In other words, women are a mystery to researchers.
Dr. Bailey's mantra is that research about sex is legitimate, that its findings should not be based on societal judgment and that the facts are the facts. He stressed repeatedly that sexual orientation is not a choice. "It is about wanting, not doing," he said. "And nothing I tell you should have any effect, positive or negative, about homosexual people."
Dr. Bailey has published many papers and is known for his twin studies. His view is that the debate over sexual orientation is "naive science based on an archaic morality" and no more controversial that one's choice of ice cream. He noted that in studies of twins, from which valuable data has been gleaned on mental illnesses, alcoholism, Alzheimer's disease and autism, "there is a consistent evidence for modest genetic effect, that most homosexual twins have heterosexual co-twins and that environment is important."
Many in the audience shook their heads when Dr. Bailey said that the more older brothers a man has, the more likely a man is to be gay: "It's estimated in the US that 15 percent of gay men owe their sexual orientation to this effect."
Dr. Bailey also noted that he and colleagues have recently replicated the controversial finding that a gene on the X chromosome causes some men to be gay. The finding was first published in 1993 by Dr. Dean Hamer in the AAAS journal Science when he was an independent researcher for the National Institutes for Health. "Hamer found that among gay brothers, the concordance rate for markers from the Xq28 region were significantly greater than expected," Dr. Bailey said. "This study was highly controversial and condemned as people feared it could lead to eugenics."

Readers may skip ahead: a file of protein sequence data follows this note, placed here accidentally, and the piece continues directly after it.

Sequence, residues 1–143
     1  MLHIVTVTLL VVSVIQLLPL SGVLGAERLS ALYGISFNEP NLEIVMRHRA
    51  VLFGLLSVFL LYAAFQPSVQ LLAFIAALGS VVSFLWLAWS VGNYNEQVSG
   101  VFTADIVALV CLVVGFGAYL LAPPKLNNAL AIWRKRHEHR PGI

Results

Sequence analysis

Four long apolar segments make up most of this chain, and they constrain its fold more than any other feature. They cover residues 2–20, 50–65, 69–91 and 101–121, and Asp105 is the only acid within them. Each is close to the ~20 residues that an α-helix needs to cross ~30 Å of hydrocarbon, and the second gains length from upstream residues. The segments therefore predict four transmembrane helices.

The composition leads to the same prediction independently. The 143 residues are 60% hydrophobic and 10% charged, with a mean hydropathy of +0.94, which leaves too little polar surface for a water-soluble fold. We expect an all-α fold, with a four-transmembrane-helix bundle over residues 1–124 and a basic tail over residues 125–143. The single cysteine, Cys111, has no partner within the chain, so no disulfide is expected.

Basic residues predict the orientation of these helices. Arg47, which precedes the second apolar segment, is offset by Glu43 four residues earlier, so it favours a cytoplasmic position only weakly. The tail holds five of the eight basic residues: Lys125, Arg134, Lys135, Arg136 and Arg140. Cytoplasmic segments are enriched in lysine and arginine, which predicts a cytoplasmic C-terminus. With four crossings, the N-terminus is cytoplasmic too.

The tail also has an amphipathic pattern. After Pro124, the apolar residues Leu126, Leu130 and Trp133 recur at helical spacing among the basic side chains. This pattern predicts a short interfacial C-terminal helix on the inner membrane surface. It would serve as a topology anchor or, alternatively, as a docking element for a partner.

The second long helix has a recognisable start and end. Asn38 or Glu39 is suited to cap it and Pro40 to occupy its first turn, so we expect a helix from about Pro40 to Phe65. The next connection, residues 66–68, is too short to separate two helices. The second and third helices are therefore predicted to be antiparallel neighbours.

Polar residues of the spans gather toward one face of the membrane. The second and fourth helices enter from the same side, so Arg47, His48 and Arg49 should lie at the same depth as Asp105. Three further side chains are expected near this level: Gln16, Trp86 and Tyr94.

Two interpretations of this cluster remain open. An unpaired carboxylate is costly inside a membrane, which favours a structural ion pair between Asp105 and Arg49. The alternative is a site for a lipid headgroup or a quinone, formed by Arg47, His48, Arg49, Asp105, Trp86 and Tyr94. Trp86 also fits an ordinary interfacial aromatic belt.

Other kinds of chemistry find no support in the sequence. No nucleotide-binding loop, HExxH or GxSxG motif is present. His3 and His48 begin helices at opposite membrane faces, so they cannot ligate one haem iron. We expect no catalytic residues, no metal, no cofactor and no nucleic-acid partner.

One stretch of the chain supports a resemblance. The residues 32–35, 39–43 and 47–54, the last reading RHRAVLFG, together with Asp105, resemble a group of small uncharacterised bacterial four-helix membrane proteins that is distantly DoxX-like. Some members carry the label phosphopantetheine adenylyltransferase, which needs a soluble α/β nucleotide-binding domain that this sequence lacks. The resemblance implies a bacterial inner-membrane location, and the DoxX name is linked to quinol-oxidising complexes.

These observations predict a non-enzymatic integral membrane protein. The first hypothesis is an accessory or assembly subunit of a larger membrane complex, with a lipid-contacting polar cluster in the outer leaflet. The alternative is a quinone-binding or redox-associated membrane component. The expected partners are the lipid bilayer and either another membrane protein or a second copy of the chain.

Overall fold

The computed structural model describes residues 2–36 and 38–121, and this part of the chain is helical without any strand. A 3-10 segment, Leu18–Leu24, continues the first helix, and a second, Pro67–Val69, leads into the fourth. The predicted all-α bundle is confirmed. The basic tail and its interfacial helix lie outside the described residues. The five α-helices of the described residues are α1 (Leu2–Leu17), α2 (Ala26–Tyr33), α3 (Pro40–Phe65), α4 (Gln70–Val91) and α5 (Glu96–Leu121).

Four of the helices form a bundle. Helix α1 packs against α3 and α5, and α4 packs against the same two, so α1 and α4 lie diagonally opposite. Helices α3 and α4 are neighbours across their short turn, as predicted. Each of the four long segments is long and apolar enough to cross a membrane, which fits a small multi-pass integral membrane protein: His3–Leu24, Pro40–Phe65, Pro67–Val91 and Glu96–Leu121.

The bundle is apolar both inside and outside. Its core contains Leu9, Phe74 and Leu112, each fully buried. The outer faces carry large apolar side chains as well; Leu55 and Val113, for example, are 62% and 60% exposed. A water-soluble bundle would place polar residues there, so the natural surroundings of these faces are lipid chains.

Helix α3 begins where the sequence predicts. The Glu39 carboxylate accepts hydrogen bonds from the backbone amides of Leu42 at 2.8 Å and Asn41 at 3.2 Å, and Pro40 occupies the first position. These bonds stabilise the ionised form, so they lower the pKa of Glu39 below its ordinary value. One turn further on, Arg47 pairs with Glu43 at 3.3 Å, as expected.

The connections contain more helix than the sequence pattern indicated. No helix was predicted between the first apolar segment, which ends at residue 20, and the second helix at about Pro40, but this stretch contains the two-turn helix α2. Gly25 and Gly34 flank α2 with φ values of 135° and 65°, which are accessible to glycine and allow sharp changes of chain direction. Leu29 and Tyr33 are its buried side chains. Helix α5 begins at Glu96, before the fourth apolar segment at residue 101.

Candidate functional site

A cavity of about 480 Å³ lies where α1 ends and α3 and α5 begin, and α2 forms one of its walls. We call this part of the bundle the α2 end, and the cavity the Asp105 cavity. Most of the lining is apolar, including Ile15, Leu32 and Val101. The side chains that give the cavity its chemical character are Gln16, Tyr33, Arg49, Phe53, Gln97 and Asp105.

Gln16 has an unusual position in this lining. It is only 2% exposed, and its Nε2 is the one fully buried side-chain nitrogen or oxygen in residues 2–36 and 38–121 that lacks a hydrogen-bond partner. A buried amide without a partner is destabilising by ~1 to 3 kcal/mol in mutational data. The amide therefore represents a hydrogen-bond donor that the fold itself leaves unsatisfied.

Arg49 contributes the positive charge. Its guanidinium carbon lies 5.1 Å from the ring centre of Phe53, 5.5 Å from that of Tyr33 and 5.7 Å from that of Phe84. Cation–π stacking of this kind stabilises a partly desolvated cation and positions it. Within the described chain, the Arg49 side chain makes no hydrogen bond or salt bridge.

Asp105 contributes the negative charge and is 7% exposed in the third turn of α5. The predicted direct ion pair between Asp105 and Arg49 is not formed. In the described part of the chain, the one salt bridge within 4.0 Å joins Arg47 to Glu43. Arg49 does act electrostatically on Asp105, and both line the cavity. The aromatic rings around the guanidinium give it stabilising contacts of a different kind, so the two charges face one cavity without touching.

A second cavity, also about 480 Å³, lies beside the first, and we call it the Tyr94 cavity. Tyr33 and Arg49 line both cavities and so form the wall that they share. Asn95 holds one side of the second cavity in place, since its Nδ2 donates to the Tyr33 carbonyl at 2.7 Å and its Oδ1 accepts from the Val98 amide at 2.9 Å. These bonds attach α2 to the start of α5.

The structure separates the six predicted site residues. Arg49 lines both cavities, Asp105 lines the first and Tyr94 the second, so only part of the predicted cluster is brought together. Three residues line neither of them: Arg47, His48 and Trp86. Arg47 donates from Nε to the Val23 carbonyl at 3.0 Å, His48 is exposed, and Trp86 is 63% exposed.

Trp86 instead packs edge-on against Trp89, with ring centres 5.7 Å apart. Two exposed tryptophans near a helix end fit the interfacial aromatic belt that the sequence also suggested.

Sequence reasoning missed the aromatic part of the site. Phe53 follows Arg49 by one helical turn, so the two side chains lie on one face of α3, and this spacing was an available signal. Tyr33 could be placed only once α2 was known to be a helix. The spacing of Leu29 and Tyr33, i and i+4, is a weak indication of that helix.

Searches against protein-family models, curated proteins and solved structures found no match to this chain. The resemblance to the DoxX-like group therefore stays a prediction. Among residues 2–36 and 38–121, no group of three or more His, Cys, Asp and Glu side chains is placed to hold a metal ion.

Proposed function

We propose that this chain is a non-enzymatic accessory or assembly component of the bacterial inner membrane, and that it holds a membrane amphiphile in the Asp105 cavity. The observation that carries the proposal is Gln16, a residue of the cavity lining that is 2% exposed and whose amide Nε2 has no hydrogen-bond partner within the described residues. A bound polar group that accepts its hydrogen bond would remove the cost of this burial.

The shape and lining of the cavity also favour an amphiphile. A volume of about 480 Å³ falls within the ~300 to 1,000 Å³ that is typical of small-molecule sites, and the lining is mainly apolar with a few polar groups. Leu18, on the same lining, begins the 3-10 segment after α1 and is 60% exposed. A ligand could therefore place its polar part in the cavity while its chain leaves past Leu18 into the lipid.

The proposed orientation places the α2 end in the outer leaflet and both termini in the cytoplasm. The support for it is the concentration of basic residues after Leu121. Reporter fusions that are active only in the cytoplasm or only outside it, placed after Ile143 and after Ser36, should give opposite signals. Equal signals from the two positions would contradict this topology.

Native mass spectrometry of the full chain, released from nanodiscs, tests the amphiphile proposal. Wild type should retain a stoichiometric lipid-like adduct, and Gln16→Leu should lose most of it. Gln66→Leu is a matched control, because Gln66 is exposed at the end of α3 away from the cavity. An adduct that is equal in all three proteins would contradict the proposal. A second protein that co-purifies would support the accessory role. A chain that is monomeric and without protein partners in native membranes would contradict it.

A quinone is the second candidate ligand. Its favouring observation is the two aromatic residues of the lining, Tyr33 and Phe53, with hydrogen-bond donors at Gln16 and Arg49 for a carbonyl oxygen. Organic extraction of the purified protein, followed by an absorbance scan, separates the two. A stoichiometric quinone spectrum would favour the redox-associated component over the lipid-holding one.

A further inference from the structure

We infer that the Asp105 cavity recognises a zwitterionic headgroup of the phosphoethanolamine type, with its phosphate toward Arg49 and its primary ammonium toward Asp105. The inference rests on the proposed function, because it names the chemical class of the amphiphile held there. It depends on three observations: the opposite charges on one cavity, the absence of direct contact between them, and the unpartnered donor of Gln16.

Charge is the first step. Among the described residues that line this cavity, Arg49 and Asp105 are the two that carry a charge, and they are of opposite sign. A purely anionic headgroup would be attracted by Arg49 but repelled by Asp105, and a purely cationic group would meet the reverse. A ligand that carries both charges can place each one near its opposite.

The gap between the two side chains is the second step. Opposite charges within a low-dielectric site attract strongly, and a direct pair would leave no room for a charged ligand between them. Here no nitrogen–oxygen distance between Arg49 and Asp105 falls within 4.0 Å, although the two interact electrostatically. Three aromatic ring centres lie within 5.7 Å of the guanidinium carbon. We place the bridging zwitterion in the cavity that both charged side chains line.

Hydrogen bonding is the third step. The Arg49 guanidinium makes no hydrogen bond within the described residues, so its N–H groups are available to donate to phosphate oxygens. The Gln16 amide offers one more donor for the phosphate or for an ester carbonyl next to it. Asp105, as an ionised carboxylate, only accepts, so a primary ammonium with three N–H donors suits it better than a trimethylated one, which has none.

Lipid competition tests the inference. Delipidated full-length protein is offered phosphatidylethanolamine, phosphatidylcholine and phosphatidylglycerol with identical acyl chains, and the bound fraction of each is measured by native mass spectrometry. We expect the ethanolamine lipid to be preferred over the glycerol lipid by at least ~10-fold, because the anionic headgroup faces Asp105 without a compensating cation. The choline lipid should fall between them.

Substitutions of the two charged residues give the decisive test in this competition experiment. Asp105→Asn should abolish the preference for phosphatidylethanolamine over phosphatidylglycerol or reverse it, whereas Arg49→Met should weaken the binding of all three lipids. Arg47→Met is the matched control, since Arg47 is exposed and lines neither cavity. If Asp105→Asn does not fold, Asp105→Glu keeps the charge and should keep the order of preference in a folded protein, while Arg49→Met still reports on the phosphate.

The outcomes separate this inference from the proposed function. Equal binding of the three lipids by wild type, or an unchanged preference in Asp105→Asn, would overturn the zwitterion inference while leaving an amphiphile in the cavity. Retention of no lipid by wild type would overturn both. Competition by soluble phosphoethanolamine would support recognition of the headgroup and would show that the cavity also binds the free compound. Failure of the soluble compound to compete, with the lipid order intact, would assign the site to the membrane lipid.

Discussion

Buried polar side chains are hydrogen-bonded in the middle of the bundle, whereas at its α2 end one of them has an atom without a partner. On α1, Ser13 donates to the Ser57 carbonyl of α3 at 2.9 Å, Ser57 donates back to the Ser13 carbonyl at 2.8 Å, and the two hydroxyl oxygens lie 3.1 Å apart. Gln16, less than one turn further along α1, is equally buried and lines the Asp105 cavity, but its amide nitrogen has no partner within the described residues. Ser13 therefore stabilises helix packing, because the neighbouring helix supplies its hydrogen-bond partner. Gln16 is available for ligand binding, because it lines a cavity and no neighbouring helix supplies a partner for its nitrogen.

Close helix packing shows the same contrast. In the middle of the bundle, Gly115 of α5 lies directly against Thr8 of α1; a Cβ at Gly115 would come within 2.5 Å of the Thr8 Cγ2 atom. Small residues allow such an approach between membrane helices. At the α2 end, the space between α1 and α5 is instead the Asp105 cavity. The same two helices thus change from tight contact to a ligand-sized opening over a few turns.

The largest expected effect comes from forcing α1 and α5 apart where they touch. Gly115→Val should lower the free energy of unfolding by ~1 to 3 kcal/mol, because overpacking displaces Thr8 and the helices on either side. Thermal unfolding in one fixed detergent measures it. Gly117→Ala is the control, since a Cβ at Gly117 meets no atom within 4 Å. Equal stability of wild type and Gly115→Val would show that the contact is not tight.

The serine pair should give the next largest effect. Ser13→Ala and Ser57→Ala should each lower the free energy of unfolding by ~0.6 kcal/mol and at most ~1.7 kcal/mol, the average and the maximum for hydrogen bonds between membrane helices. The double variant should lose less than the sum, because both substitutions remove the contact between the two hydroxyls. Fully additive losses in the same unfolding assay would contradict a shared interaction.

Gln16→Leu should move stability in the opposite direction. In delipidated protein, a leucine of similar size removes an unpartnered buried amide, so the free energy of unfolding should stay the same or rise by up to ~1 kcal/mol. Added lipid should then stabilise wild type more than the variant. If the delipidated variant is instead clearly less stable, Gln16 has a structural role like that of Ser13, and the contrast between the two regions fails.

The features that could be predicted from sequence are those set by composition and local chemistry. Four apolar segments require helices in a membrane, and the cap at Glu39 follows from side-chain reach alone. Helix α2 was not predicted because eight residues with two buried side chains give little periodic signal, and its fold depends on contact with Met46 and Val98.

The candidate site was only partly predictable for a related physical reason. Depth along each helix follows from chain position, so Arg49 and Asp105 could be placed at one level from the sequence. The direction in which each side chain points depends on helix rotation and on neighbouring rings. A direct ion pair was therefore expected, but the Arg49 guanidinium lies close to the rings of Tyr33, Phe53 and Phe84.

Dr. Bailey and his Northwestern colleague Dr. Alan R. Sanders did their own study because they thought the numbers used by Dr. Hamer (114 families) were too low to be conclusive. "I did not expect to replicate Dean's findings, Dr. Bailey said, "but we did."
Dr. Bailey spoke with his trademark candor, without couching his message in the niceties that pervade Cupid's holiday. Reading a slide from his presentation, he said:
If you can't make a genetic male exclusively attracted to men by cutting off his penis, castrating him, and raising him as a girl, then male heterosexual orientation is surely innate and fixed. If you can't make a genetic male exclusively attracted to men by cutting off his penis, castrating him, and raising him as a girl, how likely is any social theory of male homosexuality? Things may well be different for women.
That, followed by "Happy Valentine's Day!"
Elsevier Connect Contributor
David Levine (@Dlloydlevine) is co-chairman of Science Writers in New York and a member the National Association of Science Writers (NASW) and the Association of Healthcare Journalists. He served as Director of Media Relations at the American Cancer Society and as Senior Director of Communications at the NYC Health and Hospitals Corp. He has written for Scientific American. The Los Angeles Times, Good Housekeeping, BioTechniques, Robotic Trends and Nautilus and was a contributing editor at Physician's Weekly for 10 years. He has a BA and MA from The Johns Hopkins University.
For an example of the new journalism, David Levine recommends Ed Yong's story "Here's What Happens Inside You When a Mosquito Bites."